• Yan C, Wang P, DeMayo J, DeMayo FJ, Elvin JA, Carino C, Prasad SV, Skinner SS, Dunbar BS, Dube JLet al.2001 Synergistic roles of bone morphogenetic protein 15 and growth differentiation factor 9 in ovarian function. Molecular Endocrinology 15 854–866.

    • Search Google Scholar
    • Export Citation
  • Yoshida H, Takakura N, Kataoka H, Kunisada T, Okamura H & Nishikawa SI1997 Stepwise requirement of c-kit tyrosine kinase in mouse ovarian follicle development. Developmental Biology 184 122–137.

    • Search Google Scholar
    • Export Citation

 

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    Programmed cyst breakdown in mouse ovaries is unaffected by Foxo3 deficiency. (A) Immunohistochemistry against vasa shows shared cytoplasm in syncytial germ cell clusters prior to individualization/cyst breakdown. (B) Immunohistochemistry against laminin shows basement membrane surrounding either germ cysts or fully individualized follicles. These studies revealed that the timing of cyst breakdown (arrows) is identical in Foxo3+/+ and Foxo3−/− ovaries and is completed by PND7 in both genotypes. For A and B, arrows point to cysts in the process of breakdown (PND1 and 7) and to fully individualized follicles (PND7 and 14). Asterisks identify germ cell clusters. Bars = 20 μm for all panels.

  • View in gallery

    Foxo3 deficiency does not result in primordial follicle ultrastructural defects, representative electron microscopic images from PND7 Foxo3+/+ and Foxo3−/− sibling females. (A and B) Low magnification showing portion of individual primordial follicles including a single pregranulosa cell (PG) and oocyte (Oo). (C and D) High magnification of interface between oocyte and pregranulosa cell; asterisk indicates interdigitating microvilli at interface. (E and F) Mitochondria with identical patterns of cristae and characteristic single large vacuoles (asterisks). (G and H) Large golgi complexes (asterisks) that occur in large numbers in the ooplasm. Bar = 2 μm (A and B) or 500 nm (C–H).

  • View in gallery

    Oocyte apoptosis is unaffected by Foxo3 deficiency. TUNEL staining was performed on ovarian tissue sections from sibling female mice at PND3. (A) Control Foxo3+/+ ovary. (B) Foxo3−/− ovary. Apoptotic oocytes are observed in characteristic cortical pattern similar in both genotypes. (C) Apoptotic index (percentage of TUNEL positive oocytes) in Foxo3+/+ versus Foxo3−/− ovaries at PND3; data are the mean from N = 3 females per genotype. Error bars represent the s.e.m.; at least 500 oocytes were counted per ovary.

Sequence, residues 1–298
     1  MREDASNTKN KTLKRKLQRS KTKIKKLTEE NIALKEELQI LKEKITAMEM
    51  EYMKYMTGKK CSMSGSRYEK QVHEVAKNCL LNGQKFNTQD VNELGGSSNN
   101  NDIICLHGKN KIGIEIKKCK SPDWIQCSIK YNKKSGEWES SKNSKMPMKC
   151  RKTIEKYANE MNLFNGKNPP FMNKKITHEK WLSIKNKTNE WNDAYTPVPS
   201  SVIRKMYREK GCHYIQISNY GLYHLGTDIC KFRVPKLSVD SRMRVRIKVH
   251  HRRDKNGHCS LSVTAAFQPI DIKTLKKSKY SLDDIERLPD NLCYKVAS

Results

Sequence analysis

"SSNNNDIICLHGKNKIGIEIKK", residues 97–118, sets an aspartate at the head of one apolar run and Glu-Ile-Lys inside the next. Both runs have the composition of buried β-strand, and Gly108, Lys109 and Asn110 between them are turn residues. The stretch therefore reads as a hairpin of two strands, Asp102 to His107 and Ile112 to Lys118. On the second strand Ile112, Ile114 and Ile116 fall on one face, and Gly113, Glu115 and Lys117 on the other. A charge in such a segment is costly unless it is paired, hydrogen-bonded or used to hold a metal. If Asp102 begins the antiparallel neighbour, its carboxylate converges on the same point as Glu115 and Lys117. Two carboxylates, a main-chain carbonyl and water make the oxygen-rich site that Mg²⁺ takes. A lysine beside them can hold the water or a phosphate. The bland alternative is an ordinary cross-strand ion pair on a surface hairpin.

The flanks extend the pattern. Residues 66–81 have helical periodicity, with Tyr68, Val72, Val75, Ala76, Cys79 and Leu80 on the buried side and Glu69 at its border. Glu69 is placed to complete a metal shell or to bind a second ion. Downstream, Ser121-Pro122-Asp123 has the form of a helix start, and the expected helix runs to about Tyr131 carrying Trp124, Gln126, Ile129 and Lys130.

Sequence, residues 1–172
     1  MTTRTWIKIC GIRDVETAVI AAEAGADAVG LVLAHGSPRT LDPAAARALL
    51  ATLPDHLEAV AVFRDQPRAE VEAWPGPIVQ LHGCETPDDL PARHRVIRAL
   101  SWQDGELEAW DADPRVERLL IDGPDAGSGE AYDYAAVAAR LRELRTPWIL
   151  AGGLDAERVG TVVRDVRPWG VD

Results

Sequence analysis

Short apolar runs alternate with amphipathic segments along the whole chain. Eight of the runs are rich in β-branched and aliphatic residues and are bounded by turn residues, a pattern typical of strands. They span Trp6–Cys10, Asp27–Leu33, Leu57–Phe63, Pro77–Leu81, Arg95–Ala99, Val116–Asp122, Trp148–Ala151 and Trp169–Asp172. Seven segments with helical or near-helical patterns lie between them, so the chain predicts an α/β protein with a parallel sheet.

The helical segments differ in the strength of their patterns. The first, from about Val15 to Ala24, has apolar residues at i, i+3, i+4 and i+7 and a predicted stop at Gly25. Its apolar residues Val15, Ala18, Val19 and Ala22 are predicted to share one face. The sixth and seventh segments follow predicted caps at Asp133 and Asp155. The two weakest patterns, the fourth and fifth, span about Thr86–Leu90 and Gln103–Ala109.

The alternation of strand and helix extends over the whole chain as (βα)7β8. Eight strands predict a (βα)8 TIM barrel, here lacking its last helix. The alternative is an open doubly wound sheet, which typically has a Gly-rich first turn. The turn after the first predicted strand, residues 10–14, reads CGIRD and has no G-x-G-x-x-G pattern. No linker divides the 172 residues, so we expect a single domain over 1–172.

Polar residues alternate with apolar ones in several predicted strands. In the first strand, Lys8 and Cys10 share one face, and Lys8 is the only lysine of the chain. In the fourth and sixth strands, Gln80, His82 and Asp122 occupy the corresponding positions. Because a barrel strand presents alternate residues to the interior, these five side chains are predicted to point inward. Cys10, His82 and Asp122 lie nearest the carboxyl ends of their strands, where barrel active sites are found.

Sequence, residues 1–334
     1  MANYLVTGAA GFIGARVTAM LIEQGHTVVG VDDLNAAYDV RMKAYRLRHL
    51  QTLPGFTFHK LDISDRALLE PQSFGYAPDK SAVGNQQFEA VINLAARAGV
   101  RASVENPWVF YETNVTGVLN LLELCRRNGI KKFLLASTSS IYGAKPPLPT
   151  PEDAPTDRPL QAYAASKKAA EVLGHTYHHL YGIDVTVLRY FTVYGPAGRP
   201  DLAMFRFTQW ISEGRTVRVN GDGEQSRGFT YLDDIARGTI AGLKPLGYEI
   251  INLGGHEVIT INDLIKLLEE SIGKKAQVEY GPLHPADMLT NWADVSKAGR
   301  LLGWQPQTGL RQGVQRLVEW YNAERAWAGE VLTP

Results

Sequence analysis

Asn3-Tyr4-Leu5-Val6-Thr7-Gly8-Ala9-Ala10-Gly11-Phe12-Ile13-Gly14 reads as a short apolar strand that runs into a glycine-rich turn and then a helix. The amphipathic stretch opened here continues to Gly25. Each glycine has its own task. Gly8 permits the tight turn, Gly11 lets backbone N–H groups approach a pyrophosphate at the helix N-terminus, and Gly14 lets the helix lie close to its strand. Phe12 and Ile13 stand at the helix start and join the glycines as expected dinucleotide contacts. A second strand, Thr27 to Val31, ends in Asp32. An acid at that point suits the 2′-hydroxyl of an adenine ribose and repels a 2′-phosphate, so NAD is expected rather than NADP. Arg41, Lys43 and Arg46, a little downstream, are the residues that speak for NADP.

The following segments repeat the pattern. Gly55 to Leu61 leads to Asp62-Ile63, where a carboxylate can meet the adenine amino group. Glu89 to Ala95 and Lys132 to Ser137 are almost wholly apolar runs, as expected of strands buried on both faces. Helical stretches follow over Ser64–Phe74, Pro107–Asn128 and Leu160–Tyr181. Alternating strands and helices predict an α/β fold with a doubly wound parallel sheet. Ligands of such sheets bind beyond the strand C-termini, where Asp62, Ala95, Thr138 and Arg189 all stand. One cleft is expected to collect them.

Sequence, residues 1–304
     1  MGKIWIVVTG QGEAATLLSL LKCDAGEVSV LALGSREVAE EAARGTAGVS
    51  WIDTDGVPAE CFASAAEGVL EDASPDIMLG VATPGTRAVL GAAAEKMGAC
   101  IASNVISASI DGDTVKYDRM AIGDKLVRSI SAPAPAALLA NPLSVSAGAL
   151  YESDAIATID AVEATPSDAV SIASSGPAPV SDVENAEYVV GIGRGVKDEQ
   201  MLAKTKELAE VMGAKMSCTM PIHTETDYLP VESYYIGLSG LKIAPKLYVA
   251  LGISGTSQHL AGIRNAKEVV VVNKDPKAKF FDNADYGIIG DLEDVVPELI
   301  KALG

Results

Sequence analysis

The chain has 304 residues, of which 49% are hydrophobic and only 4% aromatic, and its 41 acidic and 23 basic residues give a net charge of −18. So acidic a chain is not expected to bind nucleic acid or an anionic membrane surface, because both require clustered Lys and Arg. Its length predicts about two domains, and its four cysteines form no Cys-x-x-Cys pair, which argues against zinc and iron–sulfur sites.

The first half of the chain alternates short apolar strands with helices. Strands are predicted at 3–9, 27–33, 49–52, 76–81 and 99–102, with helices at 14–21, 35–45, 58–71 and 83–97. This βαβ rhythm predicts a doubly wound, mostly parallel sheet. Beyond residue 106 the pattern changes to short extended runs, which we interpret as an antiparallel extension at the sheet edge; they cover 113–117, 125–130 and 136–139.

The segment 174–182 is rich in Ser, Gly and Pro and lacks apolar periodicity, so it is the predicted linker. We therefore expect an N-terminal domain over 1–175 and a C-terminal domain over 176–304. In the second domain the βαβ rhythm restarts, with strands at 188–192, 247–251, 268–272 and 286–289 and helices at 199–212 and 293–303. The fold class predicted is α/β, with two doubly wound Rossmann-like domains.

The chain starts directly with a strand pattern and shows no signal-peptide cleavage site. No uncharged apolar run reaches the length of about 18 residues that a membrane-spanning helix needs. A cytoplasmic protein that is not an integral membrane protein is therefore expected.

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    Evidence against constitutional defects in the progression of follicle maturation subsequent to global follicle activation in Foxo3−/−ovaries. (A) Maternal age at the time of first litter. Females at 3 weeks of age (prior to sexual maturity) were placed in cages with stud males. Numbers of females analyzed were Foxo3+/+ (N = 5); Foxo3−/+ (N = 4); Foxo3−/− (N = 4). There was no lag in Foxo3−/− females relative to Foxo3+/+ and Foxo3−/+ controls, arguing against a significant disruption in all subsequent stages of follicle maturation. Error bars represent the s.e.m. (B) Immunolocalization of ovarian markers at 4–5 weeks of age that characterize transitions to more advanced follicle stages, including inhibin (undetectable in primordial follicles (asterisks) and first expressed in primary follicles), S6 kinase (which becomes phosphorylated during the transition from primary to secondary follicles), and connexin-43, which is expressed at low levels in secondary follicles but becomes strongly induced by the antral follicle stage. The timing of expression of these markers in Foxo3−/− ovaries closely match that observed in Foxo3+/+controls. Bars = 50 μm for all panels.